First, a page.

Paris has the Louvre and although it’s not as grand, Madrid has it’s Prado. By far the most famous museum in Madrid. The residence of “Las Meninas” by Diego Velasquez, “La Maja desnuda” by Francisco Goya, “The adoration of the Shepherds” by El Greco, and Hieronymus Bosch’s “The Garden of Earthly Delights.” 

Fun fact: Before it became a museum “El Prado” was used as a headquarters for the Napoleonic troops based in Madrid during the war.

If you’re interested in modern art, especially by Spaniards:

Museo Nacional Centro de Arte Reina Sofia:

Named after Queen Sofia this museum features mostly modern art by Spanish artists. Two of the most symbolic Spanish artists from the 20thcentury is Pablo Picasso and Salvador Dali. Their most notable works are here in this museum. Starting with “The Guernica” by Picasso and “The Great Masturbator” by Dali. It also features other Spanish artists like Joan Miro, Pablo Gargallo and Edwardo Chillada. There are some international artists mixed in like Vasily Kandinsky, Francis Bacon and Max Ernest.

Fun fact: “La Guernica” was painted in response of the bombings of Guernica at the request of the Franco regime during WWII. During 1937, this painting was exhibited in Paris during the World Fair. All the funds raised during this tour went straight into Spanish war relief. It’s very important because it brought attention to the Civil war in Spain.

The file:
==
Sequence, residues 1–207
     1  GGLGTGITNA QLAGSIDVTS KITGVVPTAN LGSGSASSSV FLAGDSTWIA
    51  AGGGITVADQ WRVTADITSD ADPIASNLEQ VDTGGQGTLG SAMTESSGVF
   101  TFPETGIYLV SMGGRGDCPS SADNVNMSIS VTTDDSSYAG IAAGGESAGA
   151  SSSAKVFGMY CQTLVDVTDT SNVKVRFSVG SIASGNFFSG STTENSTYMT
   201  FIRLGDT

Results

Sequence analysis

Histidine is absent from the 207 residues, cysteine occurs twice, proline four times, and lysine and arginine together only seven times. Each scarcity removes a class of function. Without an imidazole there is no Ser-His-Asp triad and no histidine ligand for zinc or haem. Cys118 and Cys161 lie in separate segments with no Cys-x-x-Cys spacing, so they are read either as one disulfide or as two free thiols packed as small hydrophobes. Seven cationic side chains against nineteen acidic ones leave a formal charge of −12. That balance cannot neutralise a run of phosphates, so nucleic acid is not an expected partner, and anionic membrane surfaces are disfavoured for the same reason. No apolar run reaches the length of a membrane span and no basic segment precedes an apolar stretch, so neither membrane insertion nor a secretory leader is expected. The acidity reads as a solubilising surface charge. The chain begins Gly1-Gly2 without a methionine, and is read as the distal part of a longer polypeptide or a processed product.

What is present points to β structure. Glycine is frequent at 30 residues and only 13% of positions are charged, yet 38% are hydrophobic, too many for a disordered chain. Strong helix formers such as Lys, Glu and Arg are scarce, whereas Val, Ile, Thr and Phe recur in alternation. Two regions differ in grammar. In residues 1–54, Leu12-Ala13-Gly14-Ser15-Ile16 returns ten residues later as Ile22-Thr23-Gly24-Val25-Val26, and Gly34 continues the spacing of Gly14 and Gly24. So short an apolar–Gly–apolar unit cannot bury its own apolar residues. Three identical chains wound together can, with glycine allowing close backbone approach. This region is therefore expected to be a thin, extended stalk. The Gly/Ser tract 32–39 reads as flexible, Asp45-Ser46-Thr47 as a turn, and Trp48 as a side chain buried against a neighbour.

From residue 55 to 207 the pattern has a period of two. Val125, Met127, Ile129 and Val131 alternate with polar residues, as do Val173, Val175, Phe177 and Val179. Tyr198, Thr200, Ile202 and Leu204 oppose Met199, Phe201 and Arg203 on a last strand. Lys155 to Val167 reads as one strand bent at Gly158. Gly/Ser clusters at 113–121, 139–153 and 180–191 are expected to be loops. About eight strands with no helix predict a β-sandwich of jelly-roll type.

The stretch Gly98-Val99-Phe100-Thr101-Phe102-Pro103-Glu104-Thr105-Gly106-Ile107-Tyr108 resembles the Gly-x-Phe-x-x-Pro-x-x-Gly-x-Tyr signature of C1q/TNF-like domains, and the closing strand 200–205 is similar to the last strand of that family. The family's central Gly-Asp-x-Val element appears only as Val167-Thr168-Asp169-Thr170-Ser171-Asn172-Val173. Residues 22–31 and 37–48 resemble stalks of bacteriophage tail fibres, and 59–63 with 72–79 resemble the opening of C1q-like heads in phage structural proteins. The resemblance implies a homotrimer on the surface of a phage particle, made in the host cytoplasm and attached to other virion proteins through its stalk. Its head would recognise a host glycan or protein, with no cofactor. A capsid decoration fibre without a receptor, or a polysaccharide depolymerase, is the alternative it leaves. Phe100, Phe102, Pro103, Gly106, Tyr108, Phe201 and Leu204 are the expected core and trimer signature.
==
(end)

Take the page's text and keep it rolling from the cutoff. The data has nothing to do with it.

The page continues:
Some specialties you must try while in Madrid:

1. Market of San Miguel:

 One of the 9 entrances in the  ‘Plaza Mayor’ has 9 entrances will lead you to this market.. The reason why I recommend this place is because you’ll encounter specialties from all over Spain . “Tapas” which means appetizer or snack is very popular in Spain.

Octopus (Pulpo):octopus cut into small slices and cooked with olive oil a pinch of salt and paprika.

Goose-Neck Barnacles (Percebes): these won’t be easy to find in central Spain, since they’re mostly popular in northern Spain, but this might be your only chance to try them. 

Padron Peppers (Pimientos):These aren’t your typical peppers. First, they are cooled with olive oil to give it a crunchy taste and then salt. They are not spicy and definitely one of the top specialties in a Spaniards kitchen.

Patatas Bravas: These potatoes are boiled and then deep fried, but what sets them apart is the sauce. The tomato like sauce along with paprika, red pepper and vinegar which makes them “Bravas,” translates to “feisty.”

Croquetas: Considered a tapa this is a fried roll usually consisting of potatoes, jamon iberico or cheese.  

Paellas:Just like Mexico is known for tacos, Spain is known for its paellas. Paellas is a rice dish that usually has meat like chorizo, seafood and veggies. The not-so secret ingredient for paella is saffron, which you’ll be able to buy a lot of while in Madrid. 

Finally, there is a “sweets” section, but if you’re down for eating some fruit and carry on as a  snack, I recommend the cherries. They’ll give them to you in a brown bag so that it’ll be easy to carry as you go on your day discovering the city. 

2.Restaurante Sobrino de Botin:

Sobrino de Botin, also known simply as Botin, is supposedly the oldest restaurant in the world. It claims to have opened its doors in the mid 18th century. One thing is for sure, you need try their roasted pork before you leave Madrid. 

Fun fact:Francisco Goya, the world-renowned painter, worked in this restaurant’s kitchen when he was 17 years old in 1765.